The word "church" hails back to the Scottish "kirk," which came from the Old English "chirche" (pronounced keer-chey), which in turn came from the Greek "kuriakon" or "kuriakos." Anyone can quickly research this. It is beyond dispute.
Q: Since all these forms of "church" seems to come from the Greek word "kuriakos," can you define it?
A: "Kuriakos" is a form of the Greek "kurios." "Kurios" means "lord" or "master.
Therefore, "kuriakos" means, literally, "pertaining to the lord," or "the lord's." It means anything pertaining to or belonging to any lord or any master ... a common term of the day. Other forms of the word found in the New Testament are: kuria: a female of authority; kuriotase: lordship; authority; kuros: confirmation, ratification; and the verb ekurieuo: to exercise authority over.
Q: Is the Greek word "kuriakos" in the Bible?
A: Yes, but it is never translated "church" in any English translation. For example, "kuriakos" appears in 1 Cor. 11:20 KJV as "the Lord's" - referring to a meal. Also, in Rev. 1:10 KJV as "the Lord's" - referring to a day. These two are the only occurrences of "kuriakos" in the New Testament. In both instances the KJV translators chose not to translate it "church" ... for obvious reasons. If they had, I Cor. 11:20 would have read, "the church supper," and Rev. 1:10 would have read, "the church day." One must wonder, however, how the churches get around this inconsistent use of the word.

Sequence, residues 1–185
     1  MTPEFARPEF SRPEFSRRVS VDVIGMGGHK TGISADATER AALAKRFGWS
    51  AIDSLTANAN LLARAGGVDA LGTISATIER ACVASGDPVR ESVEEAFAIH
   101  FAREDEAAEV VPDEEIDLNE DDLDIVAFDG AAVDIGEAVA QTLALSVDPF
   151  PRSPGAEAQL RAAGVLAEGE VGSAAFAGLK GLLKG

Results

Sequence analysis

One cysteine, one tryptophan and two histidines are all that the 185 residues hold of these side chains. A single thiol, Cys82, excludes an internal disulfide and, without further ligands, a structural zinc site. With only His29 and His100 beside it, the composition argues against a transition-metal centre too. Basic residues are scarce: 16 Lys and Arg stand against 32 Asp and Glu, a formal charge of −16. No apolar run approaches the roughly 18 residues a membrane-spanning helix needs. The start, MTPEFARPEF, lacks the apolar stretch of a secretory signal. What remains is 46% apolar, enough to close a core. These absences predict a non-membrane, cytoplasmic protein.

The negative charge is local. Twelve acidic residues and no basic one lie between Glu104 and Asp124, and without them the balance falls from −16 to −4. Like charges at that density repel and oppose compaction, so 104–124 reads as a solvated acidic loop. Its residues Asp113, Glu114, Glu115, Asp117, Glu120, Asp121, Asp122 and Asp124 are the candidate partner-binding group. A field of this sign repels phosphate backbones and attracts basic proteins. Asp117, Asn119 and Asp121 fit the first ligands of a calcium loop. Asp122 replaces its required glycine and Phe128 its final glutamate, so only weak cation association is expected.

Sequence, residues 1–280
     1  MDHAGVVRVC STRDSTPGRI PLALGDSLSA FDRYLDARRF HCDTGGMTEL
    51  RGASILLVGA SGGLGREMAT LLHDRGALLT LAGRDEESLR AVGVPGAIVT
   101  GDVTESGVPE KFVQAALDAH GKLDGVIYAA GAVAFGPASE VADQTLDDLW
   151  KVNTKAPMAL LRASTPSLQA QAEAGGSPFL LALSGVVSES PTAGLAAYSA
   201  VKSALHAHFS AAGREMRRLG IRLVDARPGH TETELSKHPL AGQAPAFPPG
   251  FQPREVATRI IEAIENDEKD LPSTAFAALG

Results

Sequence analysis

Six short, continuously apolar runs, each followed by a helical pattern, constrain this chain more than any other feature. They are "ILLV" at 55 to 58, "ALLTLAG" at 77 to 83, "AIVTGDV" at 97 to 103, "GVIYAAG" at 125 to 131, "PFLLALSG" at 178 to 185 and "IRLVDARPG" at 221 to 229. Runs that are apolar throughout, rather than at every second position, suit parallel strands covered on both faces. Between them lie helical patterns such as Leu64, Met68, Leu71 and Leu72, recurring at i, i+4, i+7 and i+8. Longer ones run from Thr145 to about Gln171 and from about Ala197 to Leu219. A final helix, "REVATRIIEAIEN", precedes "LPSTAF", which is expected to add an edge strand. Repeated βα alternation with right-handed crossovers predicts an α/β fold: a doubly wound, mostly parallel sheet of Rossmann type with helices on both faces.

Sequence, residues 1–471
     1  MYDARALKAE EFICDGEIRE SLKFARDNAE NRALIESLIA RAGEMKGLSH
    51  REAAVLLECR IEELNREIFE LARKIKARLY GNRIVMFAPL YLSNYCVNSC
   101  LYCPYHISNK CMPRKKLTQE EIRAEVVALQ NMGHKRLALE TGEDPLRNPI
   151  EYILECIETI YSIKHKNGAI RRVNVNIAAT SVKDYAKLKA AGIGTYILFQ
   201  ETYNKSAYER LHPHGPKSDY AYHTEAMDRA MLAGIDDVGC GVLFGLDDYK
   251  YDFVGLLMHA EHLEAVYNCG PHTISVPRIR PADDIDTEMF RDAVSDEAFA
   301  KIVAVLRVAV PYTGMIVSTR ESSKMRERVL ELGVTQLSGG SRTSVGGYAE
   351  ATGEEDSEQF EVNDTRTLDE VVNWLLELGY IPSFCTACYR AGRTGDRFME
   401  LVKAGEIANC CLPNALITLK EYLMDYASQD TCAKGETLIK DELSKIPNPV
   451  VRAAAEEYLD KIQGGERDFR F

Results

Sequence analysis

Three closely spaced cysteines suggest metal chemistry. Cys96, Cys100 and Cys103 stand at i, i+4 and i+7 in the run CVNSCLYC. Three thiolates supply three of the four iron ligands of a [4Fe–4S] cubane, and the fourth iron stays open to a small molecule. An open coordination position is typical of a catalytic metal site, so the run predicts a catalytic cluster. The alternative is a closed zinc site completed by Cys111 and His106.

Q: My English Bible has the word "church" many places in the New Testament. What is the Greek word they used for "church"?
A: The King James Version translators replaced the Greek "ecclesia" (which appears many times in the New Testament) with "church." Thus, the word "church" appears many times in the King James Version.
Q: Is "church" an acceptable translation of the Greek "ecclesia"?
A: No. "Church" comes from "kuriakos," not "ecclesia."
Q: What is the correct definition of "ecclesia"?
A: "Ecclesia" is correctly translated as "the called-out ones" ... literally "the called-out."
Q: Why did the KJV translators elect to use "church" instead of "ecclesia" or "the called-out"?